Looking at some of the photographs I’ve taken I get to go down memory lane. Since it is Black History Month, let’s look at the father of Black History, Dr. Carter G. Woodson’s house at 1538 9th St NW. But let’s look at it in February 2014. A decade ago.
At the time it didn’t seem the National Park Service was going to do anything with this property or the adjoining properties it owned. I also vaguely remember the NPS was trying to take over a private home on the corner that is now a restaurant.
I was wondering if I got all the churches in the 1957 Northwest Urban Renewal Church Survey. The Northwest Urban Renewal Area was the area that makes up Shaw, Mt. Vernon Sq and Triangle, Chinatown, Downtown and whatever that is near Union Station. So here is a list of the steeple churches captured by the 1957 survey:
This is a repost. But the topic is always something that applies.
Okay so there is a write up in the Washington Post about Shaw. I’m debating about giving Alex Padro a hard time about the east boundary being New Jersey Avenue. Their graphic has Shaw’s western boundary at 13th St NW and the southern part just eats up Mt. Vernon . The boundaries of Shaw keep changing with each article so, there is that. This is a Real Estate article, and they quote Padro and Ibrahim Mumin, so I’m not going to nit pick much, except for this point.
Everybody in the car, So come on let’s ride To the liquor store around the corner The boys say they want some Gin & Juice But I really don’t wanna -Lou Bega ‘Mambo No. 5’
If you can’t see the details of the map above go to this link, and click on it to see the details. It shows where the liquor stores, grocery stores, drug stores, barber and beauty shops and other stores in the Shaw neighborhood.
It’s February again, which makes it Black History Month where Shaw’s most famous resident, Dr. Carter G. Woodson, the father of Black History, gets some recognition. In previous years I’ve reviewed his most famous book, the Mis-Education of the Negro. Please go on over to my post from 2022.
For something a little different for 2023, we’ll look at another book of his, The History of the Negro Church. I did not like this book because it was gawdawful boring. It was informative, but dull. Despite that, it is this month’s book and we’ll look at every stinking chapter. Maybe you too may learn something about the Black church.
This book is Methodist heavy. There are many denominations in American Christianity and a fair number of majority Black churches in more than a handful of those denominations. Woodson does mention the Catholic and Anglican churches but he doesn’t seem to care for them.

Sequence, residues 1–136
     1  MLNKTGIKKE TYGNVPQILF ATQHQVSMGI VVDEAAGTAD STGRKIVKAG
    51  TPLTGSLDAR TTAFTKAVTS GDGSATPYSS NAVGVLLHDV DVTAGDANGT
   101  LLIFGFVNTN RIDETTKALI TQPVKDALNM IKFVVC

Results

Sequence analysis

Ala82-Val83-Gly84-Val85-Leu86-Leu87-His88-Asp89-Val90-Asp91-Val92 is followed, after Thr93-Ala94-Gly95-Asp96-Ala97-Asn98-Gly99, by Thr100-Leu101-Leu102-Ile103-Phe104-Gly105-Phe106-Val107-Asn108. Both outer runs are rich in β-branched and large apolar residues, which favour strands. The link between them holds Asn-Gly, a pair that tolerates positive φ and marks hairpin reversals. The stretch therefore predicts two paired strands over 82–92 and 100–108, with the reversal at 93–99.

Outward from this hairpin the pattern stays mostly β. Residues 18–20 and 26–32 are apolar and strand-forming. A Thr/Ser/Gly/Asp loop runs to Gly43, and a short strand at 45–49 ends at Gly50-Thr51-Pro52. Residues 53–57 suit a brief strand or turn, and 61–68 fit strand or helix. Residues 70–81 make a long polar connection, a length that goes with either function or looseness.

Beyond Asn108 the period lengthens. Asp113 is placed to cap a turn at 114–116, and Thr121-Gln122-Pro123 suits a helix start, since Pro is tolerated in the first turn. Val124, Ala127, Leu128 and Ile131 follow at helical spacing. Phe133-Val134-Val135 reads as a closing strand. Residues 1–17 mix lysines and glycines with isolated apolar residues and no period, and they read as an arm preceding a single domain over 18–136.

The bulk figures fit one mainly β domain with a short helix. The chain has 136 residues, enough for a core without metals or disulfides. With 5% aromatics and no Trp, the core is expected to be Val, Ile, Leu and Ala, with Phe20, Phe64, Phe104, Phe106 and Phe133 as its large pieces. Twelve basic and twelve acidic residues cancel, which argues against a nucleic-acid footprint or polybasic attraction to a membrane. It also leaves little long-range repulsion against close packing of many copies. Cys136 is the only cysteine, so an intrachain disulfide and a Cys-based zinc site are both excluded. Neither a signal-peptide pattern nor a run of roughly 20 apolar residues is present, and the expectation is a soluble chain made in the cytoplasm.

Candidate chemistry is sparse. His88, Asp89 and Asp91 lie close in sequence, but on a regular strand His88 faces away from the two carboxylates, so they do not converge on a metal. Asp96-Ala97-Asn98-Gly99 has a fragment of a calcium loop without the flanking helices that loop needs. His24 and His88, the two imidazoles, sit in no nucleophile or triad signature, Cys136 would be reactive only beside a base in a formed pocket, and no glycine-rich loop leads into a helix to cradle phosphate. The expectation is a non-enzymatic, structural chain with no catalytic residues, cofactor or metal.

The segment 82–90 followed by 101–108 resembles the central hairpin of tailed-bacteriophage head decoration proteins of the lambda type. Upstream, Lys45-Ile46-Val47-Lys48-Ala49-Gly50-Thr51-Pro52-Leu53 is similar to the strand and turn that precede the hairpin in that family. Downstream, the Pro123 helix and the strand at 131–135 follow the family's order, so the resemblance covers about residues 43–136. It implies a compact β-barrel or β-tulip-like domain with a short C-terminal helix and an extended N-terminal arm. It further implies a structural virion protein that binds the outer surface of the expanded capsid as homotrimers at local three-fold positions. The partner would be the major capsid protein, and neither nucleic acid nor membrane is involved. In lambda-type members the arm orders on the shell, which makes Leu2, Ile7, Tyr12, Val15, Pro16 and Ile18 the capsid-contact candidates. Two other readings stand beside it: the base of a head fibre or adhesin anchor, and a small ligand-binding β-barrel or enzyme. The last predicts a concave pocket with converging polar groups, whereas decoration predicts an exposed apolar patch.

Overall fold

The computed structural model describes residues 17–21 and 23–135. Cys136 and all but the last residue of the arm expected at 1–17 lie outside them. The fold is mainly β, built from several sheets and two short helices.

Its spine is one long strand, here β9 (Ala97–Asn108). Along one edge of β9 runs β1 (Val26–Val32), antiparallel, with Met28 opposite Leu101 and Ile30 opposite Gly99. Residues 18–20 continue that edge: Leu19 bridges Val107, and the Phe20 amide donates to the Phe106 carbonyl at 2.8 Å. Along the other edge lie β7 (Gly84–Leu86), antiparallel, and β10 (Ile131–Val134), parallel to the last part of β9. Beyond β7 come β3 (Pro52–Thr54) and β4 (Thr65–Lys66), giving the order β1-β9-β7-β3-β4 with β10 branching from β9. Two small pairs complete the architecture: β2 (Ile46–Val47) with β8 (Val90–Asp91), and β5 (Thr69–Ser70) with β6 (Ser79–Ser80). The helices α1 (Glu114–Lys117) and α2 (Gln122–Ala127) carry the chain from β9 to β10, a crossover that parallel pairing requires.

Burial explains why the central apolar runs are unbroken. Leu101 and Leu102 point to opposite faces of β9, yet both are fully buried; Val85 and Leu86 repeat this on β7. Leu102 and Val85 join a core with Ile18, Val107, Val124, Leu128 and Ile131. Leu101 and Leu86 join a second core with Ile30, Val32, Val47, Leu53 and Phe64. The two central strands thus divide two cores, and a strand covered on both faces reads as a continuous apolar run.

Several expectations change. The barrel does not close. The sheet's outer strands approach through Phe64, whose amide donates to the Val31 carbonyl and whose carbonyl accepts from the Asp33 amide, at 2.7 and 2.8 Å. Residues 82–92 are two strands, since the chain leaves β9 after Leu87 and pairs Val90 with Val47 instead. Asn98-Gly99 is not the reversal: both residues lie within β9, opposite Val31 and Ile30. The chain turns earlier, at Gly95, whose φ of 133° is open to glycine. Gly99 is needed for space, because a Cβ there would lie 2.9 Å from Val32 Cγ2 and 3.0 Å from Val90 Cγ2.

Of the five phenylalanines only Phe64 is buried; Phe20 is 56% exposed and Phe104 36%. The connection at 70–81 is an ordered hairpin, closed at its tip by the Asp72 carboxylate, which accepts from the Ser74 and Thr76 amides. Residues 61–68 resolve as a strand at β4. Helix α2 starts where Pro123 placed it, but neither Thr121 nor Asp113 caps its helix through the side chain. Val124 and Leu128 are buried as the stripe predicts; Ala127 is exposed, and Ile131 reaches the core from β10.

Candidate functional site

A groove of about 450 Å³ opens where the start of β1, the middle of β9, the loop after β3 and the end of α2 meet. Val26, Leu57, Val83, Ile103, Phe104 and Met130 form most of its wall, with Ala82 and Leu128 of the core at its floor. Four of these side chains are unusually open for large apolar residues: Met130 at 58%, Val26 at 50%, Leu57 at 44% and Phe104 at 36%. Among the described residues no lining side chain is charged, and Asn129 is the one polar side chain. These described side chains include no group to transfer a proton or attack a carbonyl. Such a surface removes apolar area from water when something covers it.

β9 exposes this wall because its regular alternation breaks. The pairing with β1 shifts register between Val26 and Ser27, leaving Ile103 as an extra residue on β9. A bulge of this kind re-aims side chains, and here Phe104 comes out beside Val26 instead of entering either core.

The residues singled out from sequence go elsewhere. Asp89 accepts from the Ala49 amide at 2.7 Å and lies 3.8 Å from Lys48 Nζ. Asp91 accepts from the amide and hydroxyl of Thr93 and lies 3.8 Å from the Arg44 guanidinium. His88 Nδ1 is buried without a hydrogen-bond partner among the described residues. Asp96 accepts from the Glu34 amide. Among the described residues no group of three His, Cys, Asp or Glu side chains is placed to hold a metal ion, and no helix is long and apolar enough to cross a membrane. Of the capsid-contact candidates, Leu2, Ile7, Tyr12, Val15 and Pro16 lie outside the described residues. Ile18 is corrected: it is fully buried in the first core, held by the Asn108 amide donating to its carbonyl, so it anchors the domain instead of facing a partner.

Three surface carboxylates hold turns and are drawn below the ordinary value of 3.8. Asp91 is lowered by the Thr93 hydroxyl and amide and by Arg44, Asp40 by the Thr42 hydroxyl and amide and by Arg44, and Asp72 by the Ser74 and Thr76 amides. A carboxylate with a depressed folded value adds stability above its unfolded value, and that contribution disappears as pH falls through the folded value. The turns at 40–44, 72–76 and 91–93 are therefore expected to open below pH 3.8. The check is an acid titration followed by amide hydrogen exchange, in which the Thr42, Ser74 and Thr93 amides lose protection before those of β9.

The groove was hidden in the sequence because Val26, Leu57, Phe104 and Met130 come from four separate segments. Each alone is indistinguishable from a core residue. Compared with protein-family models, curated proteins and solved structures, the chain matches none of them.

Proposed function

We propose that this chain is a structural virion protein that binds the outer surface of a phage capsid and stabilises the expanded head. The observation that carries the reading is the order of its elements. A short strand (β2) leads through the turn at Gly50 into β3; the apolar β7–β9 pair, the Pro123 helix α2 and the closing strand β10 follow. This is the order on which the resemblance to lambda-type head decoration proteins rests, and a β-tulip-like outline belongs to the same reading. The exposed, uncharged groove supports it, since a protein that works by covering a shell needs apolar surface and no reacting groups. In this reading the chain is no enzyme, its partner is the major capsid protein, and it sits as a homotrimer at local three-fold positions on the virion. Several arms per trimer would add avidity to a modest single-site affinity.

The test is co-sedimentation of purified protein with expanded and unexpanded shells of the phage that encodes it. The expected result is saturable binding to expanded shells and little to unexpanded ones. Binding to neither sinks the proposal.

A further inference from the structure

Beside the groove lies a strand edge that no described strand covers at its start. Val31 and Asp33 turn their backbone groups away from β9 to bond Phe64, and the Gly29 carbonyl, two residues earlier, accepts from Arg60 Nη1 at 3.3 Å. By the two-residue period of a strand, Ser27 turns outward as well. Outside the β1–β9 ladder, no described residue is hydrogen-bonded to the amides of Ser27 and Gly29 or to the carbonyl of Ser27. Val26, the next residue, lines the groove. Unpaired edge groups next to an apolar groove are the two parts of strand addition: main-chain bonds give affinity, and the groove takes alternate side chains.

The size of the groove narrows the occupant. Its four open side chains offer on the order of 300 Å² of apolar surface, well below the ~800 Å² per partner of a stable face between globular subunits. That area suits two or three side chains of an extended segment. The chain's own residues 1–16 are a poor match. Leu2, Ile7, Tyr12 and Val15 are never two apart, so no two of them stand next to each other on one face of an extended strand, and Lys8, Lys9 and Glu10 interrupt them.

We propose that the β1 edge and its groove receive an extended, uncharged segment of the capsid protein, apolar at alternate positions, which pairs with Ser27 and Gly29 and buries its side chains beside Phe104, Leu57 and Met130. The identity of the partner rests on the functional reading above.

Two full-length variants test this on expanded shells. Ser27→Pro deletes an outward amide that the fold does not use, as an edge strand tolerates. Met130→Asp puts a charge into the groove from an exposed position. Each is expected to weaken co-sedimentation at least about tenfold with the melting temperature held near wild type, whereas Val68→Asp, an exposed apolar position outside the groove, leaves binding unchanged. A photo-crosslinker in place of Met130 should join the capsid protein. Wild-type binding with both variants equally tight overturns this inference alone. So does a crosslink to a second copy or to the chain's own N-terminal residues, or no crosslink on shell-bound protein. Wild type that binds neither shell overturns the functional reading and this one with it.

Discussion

I have seen write ups that claim Dr. Woodson was an atheist. His Wikipedia article says he was an “outspoken detractor of the Christian Church.” I don’t really get that from this book. He seems more like an agnostic. He’s not against the Black church, he’s just not impressed with it. In Mis-Education, he spends far more time bad mouthing ‘educated Negroes’ than he does the Christian church. He’s not a believer but he seems okay with those who are, to a point. In this book, he sees the churches as a means to an ends and an organizing body of the community he cares about. He’s very interested in the denominations’ approach to slavery and how/if they addressed it and pushed back against it. And that’s why it is Methodist heavy.
Lastly, the book was originally published in 1921 and was his 3rd book. The more notable Mis-Education of the Negro, was published in 1933, long after establishing Negro History Week (which became a month, decades after his death), other achievements, and developing the skill to write for a more general audience.
It’s Martin Luther King Jr Day so here’s my recycled MLK post.
Around about the early part of the year I go pecking about looking for the speech Rev. Martin Luther King Jr gave in Shaw. And I can never find it when I look.
Today I was looking for a 1957 Church survey for a church that was at 1520 3rd St NW. But I can’t find that, but when I was looking for it, guess what I found? Yes, the King speech.
It seems it was part of a newsletter published by MICCO (Model Inner City Community Organization) run by Rev. Walter E. Fauntroy from 812 S St NW, which is New Bethel Baptist Church. As you can see from the above flier, Dr. King had an event in Shaw on March 12, 1967 and the newsletter was published the next day.
This is supposed to be 8th Street NW looking north. Now, in the background you will see the top of Immaculate Conception Church. However, the little house in the middle of the block with the porch looks, awfully familiar. It makes me think this was mislabeled.
If it wasn’t then this is in Mount Vernon Square and was leveled to make a parking lot. Which then became the current Convention Center.